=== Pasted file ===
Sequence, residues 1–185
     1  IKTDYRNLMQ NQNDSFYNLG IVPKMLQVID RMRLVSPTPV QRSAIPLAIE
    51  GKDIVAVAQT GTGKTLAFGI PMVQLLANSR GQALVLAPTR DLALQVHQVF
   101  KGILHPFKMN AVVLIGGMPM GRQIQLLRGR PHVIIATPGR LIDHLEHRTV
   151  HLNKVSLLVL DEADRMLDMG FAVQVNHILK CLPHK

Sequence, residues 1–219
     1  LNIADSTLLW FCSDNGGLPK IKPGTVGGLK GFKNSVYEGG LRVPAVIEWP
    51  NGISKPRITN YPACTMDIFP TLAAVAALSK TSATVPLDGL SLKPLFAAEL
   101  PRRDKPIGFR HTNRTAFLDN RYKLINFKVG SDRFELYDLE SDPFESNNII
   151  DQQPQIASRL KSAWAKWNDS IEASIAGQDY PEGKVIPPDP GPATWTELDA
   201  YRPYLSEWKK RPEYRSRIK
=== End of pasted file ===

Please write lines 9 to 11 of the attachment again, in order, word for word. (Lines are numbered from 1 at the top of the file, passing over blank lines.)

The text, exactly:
   101  PRRDKPIGFR HTNRTAFLDN RYKLINFKVG SDRFELYDLE SDPFESNNII
   151  DQQPQIASRL KSAWAKWNDS IEASIAGQDY PEGKVIPPDP GPATWTELDA
   201  YRPYLSEWKK RPEYRSRIK